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Obesity Risks and Personal Goals Discussion 2

Obesity Risks and Personal Goals Discussion 2

Starting this program was with a whole intent as a steppingstone to get my FNP degree. There was time when I was considering making the change from FNP to psych. We have an immense population with behavior health problems where I live. The idea of being able to help these individuals was interesting. I think my friend that works as a Psych NP was more encouraging with the high compensation aspect. My passion and motivation have always been on weight loss and helping others. My goal is to be down over 300 pounds when I open my own practice. I am not 100% sure how I will manage to open my own practice or at what point I will make the leap to do it. Most of my family and friends have struggled with obesity. I see people every day struggling with obesity. I read an article the other day that obesity is not a people problem it is a system problem. In the 70s you had three meals a day and worked hard all day long. Now we have cars with a cup holder for every finger. We constantly celebrate with food, snack on a regular basis, and even eat in front of the television or at our computers. The system has become very profitable on eating. Primary care is facing a crisis with the increases in populations and the lack of new primary care providers (Torrens, et al., 2020). Nurse Practitioners can provider excellent quality care the promotes patient satisfaction and help fill this void of needed providers (Torrens, et al., 2020). I love the idea that I can make an impact on patients lives. My own patients live. One day at a time I hope to fill the gaps in research regarding the long term effects and success of the ketogenic diet and intermittent fasting. Obesity Risks and Personal Goals Discussion 2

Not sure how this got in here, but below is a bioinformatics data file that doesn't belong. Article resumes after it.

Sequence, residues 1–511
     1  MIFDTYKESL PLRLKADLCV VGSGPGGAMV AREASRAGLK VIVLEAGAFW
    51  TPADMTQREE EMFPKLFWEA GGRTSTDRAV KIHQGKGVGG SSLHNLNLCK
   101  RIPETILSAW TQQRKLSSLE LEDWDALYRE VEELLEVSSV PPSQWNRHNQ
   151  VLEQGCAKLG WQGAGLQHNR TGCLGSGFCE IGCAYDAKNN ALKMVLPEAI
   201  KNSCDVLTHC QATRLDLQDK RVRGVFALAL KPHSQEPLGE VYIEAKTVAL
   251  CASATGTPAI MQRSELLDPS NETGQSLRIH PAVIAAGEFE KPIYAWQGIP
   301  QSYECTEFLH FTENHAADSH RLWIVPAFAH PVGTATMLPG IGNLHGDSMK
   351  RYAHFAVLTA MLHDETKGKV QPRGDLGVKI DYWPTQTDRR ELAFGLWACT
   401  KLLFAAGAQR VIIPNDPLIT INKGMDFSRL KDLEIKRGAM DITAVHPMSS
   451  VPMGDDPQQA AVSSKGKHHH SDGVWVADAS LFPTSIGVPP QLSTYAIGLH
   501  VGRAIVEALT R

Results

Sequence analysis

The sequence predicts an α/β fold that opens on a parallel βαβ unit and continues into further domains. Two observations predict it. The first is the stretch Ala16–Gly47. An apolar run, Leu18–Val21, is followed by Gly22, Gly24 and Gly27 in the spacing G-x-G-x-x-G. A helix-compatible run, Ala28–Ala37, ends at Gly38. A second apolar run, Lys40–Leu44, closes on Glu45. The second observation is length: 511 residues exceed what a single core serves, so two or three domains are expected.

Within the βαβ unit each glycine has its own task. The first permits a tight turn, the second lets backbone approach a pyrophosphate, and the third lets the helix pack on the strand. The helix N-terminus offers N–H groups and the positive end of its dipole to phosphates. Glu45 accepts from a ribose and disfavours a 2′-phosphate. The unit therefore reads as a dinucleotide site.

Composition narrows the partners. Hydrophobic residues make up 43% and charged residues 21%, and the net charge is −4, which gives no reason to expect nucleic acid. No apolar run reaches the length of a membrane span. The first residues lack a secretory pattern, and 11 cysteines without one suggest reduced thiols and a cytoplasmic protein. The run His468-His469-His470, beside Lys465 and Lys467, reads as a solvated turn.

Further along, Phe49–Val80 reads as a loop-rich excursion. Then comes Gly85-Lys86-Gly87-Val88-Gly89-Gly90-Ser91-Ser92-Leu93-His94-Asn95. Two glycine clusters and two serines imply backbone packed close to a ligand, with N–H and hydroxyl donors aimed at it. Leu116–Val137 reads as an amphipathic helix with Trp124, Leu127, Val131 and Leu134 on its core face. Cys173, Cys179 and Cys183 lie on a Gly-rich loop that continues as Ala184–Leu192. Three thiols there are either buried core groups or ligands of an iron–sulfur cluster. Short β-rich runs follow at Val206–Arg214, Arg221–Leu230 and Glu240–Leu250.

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Lifelong learning means that nurses continue to learn throughout their careers. Although I participate in continuing education both at work and personally in order to maintain my licensure, I have always been one to enjoy reading research studies. I have been known to question why things are done the way they are and have never accepted “because it has always been done like this” as an answer. It has taken me 29 years, but I have now just about completed my BSN. I feel that I can now fulfill my scope of practice and standards of care because I now know the evidence-based practice and theory behind why I do the things that I do. Returning to school has rejuvenated my longing to continue learning and feel that the more knowledge that I have, the more my patients will benefit. I now have the ability to offer my patients more options and rationales which they can consider when making informed decisions in their plan of care. Lifelong learning can also expand career advancement opportunities. Over the years there have been several positions that I would have liked to apply for, however, due to the lack of a BSN, I knew I would have never been considered, despite meeting all of the other requirements. For me, lifelong learning is voluntary and self-motivated learning that fulfills and satisfies my own personal goals and curiosity in order to improve my personal and professional skills and give me self-confidence (Qalehasari, 2017).

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